Here's where I let my thoughts go this way and that on food-related topics.

Eating on the Edge

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This past winter I've been getting snug sustenance from soul-warming foods like chicken soup and home-made banana bread. But the season has been a little too long, a little too wet, and even the cozy pleasure of my favorite comfort foods has begun to wear thin. I'm getting bored with food that cuddles and coddles. What I want is food that excites and ignites. This calls for Thrill Food.

Thrill food is comfort food's kick-ass counterpart. If comfort food is like a security blanket, thrill food is like a magic carpet. Recently I've been craving the untried tastes of places I've never been. My bedside table has begun to pile up with cookbooks that offer the flavors of North Africa and the Middle East. I've been tracking down unpronounceable seasonings in off-the-beaten-path markets. (FYI: don't bother looking for zaatar or twabil at your local Safeway.) Last Thursday it wasn't the aroma of fresh-baked banana bread that filled my kitchen but the unfamiliar sweet spiciness of a Moroccan Tagine bi Temar. I'm not sure what's next on my culinary itinerary, but it won't be Cleveland.

>Cravings for thrill food are not just symptoms of a restless palate, but a restless psyche. Sometimes I'm gripped with a fidgety malaise that makes me want to change my life, my career, or my hair color. Or maybe I just need a change of scene and cuisine. This is when I head out for an neighborhood where English is a second language and a restaurant where waiters do not volunteer their first names to diners. The Southeast Asian restaurants in downtown Oakland are thrill-food gold mines for me. (On the other hand, they're probably havens of comfort food for homesick Cambodians and Vietnamese.)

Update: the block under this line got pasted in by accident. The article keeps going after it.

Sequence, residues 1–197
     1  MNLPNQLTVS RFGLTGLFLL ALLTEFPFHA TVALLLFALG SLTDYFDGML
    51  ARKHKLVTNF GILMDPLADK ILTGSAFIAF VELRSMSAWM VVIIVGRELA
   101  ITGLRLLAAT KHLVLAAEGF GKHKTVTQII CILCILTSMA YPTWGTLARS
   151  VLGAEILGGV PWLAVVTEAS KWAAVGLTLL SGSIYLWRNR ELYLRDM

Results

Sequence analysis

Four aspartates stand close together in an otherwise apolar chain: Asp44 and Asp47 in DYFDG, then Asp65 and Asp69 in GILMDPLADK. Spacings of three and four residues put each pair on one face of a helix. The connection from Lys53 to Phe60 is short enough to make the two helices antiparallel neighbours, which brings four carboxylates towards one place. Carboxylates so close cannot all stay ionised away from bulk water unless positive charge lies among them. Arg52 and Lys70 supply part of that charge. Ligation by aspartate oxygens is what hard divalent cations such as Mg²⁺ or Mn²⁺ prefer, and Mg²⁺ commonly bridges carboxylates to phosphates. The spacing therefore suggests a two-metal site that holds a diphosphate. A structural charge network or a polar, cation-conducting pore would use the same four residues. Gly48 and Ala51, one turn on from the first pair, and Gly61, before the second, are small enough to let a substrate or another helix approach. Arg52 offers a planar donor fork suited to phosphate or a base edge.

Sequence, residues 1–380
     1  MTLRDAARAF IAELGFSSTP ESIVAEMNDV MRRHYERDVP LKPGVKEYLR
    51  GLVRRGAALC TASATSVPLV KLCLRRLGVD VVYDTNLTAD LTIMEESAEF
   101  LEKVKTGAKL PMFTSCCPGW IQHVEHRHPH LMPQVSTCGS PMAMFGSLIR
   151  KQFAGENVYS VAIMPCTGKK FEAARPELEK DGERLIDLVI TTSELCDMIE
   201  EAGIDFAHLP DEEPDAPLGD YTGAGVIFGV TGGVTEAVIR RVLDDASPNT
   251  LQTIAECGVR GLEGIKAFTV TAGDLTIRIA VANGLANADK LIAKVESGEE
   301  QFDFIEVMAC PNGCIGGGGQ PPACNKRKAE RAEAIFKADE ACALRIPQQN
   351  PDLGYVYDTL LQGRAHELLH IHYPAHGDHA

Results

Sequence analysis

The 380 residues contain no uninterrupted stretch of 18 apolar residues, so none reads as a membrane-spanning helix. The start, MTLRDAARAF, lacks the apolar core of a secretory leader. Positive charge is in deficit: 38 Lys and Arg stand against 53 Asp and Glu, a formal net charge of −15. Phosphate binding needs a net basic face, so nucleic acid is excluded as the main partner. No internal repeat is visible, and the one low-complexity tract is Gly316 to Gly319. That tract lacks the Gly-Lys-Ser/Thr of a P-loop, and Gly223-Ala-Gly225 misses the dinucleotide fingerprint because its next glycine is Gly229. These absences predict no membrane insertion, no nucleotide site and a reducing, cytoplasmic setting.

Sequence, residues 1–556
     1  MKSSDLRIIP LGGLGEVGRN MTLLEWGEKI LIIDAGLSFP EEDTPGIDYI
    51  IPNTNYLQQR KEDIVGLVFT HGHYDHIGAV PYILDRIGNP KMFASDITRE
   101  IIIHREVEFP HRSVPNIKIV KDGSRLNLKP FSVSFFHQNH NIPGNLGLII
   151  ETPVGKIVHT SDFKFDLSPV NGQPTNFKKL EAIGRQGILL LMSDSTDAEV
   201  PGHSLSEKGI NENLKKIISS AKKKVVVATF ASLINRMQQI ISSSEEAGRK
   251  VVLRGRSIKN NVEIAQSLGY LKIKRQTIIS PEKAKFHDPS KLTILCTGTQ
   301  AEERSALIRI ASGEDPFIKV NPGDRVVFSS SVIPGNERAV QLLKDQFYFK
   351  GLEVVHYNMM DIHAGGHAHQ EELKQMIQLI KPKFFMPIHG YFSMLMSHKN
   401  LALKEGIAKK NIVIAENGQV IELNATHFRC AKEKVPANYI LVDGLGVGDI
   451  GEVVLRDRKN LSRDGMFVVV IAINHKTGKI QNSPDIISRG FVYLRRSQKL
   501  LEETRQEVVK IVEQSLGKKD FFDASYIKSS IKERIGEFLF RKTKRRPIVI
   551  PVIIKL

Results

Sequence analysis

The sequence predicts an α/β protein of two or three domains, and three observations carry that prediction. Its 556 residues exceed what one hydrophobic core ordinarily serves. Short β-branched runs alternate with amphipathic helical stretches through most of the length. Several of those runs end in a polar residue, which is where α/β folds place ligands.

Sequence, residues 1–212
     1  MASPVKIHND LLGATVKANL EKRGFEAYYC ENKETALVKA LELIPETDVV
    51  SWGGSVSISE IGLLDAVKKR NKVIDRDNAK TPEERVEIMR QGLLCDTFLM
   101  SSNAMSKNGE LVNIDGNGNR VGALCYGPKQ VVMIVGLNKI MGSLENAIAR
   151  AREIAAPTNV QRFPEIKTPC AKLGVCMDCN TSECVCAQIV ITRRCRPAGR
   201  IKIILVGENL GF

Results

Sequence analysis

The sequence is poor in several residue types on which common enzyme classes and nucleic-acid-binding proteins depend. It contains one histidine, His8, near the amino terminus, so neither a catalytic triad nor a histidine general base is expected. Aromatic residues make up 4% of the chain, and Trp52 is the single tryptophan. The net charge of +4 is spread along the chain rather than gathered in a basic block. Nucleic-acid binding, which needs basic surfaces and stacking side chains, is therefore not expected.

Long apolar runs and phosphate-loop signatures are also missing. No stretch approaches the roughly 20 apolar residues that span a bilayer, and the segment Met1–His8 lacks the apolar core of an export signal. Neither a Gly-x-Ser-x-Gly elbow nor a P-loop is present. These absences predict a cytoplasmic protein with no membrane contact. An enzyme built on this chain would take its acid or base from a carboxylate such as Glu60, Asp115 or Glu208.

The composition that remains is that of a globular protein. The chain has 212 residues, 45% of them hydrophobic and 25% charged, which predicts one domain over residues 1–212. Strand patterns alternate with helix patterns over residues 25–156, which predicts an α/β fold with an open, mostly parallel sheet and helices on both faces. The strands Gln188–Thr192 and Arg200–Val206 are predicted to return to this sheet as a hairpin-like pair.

These Asian restaurant meals often contain a feature with thrill potential of nuclear proportions: whole hot chile peppers. Unlike my husband, I don't get a charge out of chile endurance tests. (And my palate has a pathetically low heat threshold.) Nevertheless, on rare occasions I take the incendiary challenge just to prove that my grit and my gut are still battle-ready. The pepper-driven firestorm that rages through my innards is well worth the momentary swagger it puts in my self-image.

I love the kind of thrill foods that cut me loose from my ordinarily cautious self. Foods that make me feel impetuous and unrepentant. Whenever I travel to another country, I'm always on the prowl for native dishes that would be considered barbaric in the United States. In France I plundered blood sausages and donkey sausages. In Northern Italy I scarfed down rooster combs. In Peru I ate guinea pig...well, almost. (I backed down at the sight of the rodent's roasted little head sporting a lettuce-leaf hat.) Foods like these give me the heady, if fleeting, illusion of living dangerously. When I return home, I relish recounting my escapades; it's not often I can brag about unseemly behavior.

Aside from zinging me with flavors that range from rapturous to weird, thrill food provides me with a range of vicarious thrills. I can feel adventurous without leaving home, or dare-devilish without risking multiple fractures, or even disreputable without breaking the law. And whenever I get burned out on culinary thrills, I can always come back to chicken soup and home-made banana bread.